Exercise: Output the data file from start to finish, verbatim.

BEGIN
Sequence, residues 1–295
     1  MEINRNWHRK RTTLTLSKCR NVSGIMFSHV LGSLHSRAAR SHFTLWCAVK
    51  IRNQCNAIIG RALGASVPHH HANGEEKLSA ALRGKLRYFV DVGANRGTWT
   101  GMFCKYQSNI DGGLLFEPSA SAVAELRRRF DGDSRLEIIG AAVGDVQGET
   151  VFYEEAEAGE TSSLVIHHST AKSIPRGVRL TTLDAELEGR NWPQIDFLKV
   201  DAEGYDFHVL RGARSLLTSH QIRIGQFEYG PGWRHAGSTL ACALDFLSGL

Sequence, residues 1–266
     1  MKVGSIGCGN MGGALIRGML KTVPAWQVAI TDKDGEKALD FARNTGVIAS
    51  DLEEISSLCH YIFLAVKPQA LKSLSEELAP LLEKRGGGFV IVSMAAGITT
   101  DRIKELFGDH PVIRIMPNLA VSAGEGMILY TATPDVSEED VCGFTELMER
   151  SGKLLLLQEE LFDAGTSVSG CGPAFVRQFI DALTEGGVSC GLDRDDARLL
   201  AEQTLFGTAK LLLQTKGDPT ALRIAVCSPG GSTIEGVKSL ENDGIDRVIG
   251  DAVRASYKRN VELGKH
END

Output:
Sequence, residues 1–295
     1  MEINRNWHRK RTTLTLSKCR NVSGIMFSHV LGSLHSRAAR SHFTLWCAVK
    51  IRNQCNAIIG RALGASVPHH HANGEEKLSA ALRGKLRYFV DVGANRGTWT
   101  GMFCKYQSNI DGGLLFEPSA SAVAELRRRF DGDSRLEIIG AAVGDVQGET
   151  VFYEEAEAGE TSSLVIHHST AKSIPRGVRL TTLDAELEGR NWPQIDFLKV
   201  DAEGYDFHVL RGARSLLTSH QIRIGQFEYG PGWRHAGSTL ACALDFLSGL

Sequence, residues 1–266
     1  MKVGSIGCGN MGGALIRGML KTVPAWQVAI TDKDGEKALD FARNTGVIAS
    51  DLEEISSLCH YIFLAVKPQA LKSLSEELAP LLEKRGGGFV IVSMAAGITT
   101  DRIKELFGDH PVIRIMPNLA VSAGEGMILY TATPDVSEED VCGFTELMER
   151  SGKLLLLQEE LFDAGTSVSG CGPAFVRQFI DALTEGGVSC GLDRDDARLL
   201  AEQTLFGTAK LLLQTKGDPT ALRIAVCSPG GSTIEGVKSL ENDGIDRVIG
   251  DAVRASYKRN VELGKH